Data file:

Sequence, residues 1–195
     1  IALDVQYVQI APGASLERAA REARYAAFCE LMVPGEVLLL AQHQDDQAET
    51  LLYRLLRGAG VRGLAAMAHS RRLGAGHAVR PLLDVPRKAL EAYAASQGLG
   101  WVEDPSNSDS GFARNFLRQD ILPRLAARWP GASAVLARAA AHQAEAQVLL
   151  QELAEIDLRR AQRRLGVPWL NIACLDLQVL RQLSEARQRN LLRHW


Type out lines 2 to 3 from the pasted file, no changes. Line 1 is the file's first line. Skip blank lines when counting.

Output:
     1  IALDVQYVQI APGASLERAA REARYAAFCE LMVPGEVLLL AQHQDDQAET
    51  LLYRLLRGAG VRGLAAMAHS RRLGAGHAVR PLLDVPRKAL EAYAASQGLG